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Senegal - When and where to visit
Senegal essentially has two seasons, rainy and dry. The rainy season, commonly known as hivernage, runs from about June until September or October, but it varies greatly in length and intensity depending on where you are in the country, and the north gets only 300–350mm of rain annually as compared with the 1,000–1,500mm that fall in the south. Starting in October, the rains taper off and (relatively) cool and dry conditions prevail for the next several months. Not coincidentally, this is the peak tourism season. The hot, dry and dusty harmattan winds also start to blow in from the Sahara around this time, and these prevail until temperatures once again start to climb around April and the rains follow once again in June.
While it’s perfectly possible to visit Senegal at any time of year, tourism here is highly seasonal and you’ll get a very different experience depending on when you show up. November to March is the core tourist season, peaking over the holidays, when you should absolutely make reservations in advance and expect to pay a premium on all accommodation (though if you’re interested in spending the holidays in Senegal, many of the larger hotels offer packages). The weather is relatively cool and dry, and you’ll be glad to have your sweater – the average low temperature in Dakar is under 20˚C for most of the season, with highs closer to 27°C. It’s also the time for birders, as all the European migrants are in town.
Expect hotter temperatures from April to June, but the rain is still some months away and a number of Senegal’s coolest cultural festivals take place in these months, like the Saint-Louis Jazz Fest, Dak’art Biennial, and the annual Bassari initiations. Note that Ramadan will take place over May/June for the lifetime of this edition, so some of the festival schedules may shift to avoid the effects of the holy month. In June the rains start to hit, and they stick around until September or October, depending on where you are. (They start earlier and finish later in the south.) This is when many places (including hotels, national parks and restaurants) start to close up shop for the season and, while this means your plans might be interrupted by closures, you’ll be one of the few tourists in town – hello, empty beaches and negotiable prices. Another payback for the sometimes oppressive humidity is the riot of greenery that erupts all over the country, turning parched earth lush, filling rivers and sending waterfalls crashing over their precipices nearly overnight. Transport in the wet season isn’t the problem that it used to be as nearly all of Senegal’s trunk roads are now surfaced, but it’s still possible to run into issues off the beaten track.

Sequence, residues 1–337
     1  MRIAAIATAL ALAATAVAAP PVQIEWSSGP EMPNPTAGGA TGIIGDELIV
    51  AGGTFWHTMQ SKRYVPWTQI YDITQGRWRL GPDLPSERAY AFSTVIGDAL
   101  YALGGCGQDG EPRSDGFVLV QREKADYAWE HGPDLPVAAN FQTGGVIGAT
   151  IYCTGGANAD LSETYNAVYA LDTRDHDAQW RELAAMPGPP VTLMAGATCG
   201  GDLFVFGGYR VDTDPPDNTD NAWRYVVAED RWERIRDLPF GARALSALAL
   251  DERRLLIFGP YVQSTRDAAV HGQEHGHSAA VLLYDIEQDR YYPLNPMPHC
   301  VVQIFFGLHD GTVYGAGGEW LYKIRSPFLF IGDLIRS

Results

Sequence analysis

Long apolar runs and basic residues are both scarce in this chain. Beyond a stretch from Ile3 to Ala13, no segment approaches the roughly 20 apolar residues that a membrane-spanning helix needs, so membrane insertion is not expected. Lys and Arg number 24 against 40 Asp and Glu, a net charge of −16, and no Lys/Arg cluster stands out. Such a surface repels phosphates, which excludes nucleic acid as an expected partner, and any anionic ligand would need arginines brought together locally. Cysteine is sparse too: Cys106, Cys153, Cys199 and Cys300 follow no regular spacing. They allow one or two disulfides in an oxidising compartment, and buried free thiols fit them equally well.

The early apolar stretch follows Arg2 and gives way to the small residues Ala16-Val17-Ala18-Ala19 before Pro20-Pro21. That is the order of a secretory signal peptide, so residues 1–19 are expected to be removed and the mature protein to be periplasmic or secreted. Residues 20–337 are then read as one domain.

A local mural in Saint-Louis © Marco Muscarà
Saint-Louis The best place in Senegal for an evening stroll, when the ghosts of history come out to play in this most evocative of Senegalese towns.
Dakar The unquestioned beating heart of Senegal, there’s almost nothing you can’t do in Dakar. Dance all night, surf all day, eat like a foodie and soak up some culture at one of the city’s many festivals.
Gorée Thirty minutes and a world away from Dakar, leave the traffic on the mainland and soak up the rhythms of life on this enchanting and tragic island.
Fadiouth Surely one of the only towns in the world built on a foundation of nothing but discarded seashells, marvelling at the island’s unlikely existence and feeling the shells crunch underfoot on a walk through one of Fadiouth’s mazelike alleyways is an experience you won’t soon repeat.
Podor Hugging tight to both the past and the northernmost curves of the Senegal River, Podor feels every bit the frontier outpost, an otherworldly holdout staunchly resisting the advance of the Sahara beyond, and seemingly also the passage of time.
Ziguinchor This steamy river town is the stuff of film sets, and there’s no more iconic Casamance experience than pushing out on to the water in a pirogue and watching the crumbling colonial city disappear out of view as you head into the mangroves beyond.
Désert de Lompoul Escape to the wildlands of the Sahara in this unexpected 20km2 patch of towering sand dunes, and indulge your nomad fantasies with an
overnight here in a traditional Mauritanian tent.
Cascade de Dindefelo Hike through the nearby forests until you’re stopped by a sheer rock face – it’s here that you’ll find the 115m Dindefelo waterfall, and a tranquil pool at its base offering cool waters and the best swimming for miles around.
Sine-Saloum Delta Cross the vast, watery knot of mangrove swamp, shell islands and timeless fishing villages in a motorised pirogue, where you can grill your freshly caught fish right on board and stop off on a deserted island for a post-dinner dip.
Cap Skirring’s beaches The kilometres of powdery white sand here are the stuff of postcards and daydreams, and the herds of long-horned cattle that occasionally meander across the plage are a picture-perfect reminder that you’re still in West Africa.
Parc National des Oiseaux du Djoudj Your jaw might look much like the birds’ after spotting the mind-boggling 15,000 great white pelicans crammed on to a tiny island here, and there’s still another 16,000ha of wetlands here to explore.
Lac Rose Though its colour ebbs and flows with the season, when it’s putting on its rose-tinted show, the lake’s salt-encrusted Pepto-Bismol waters and their dunescape surrounds are an unlikely scene pulled straight out of an acid trip.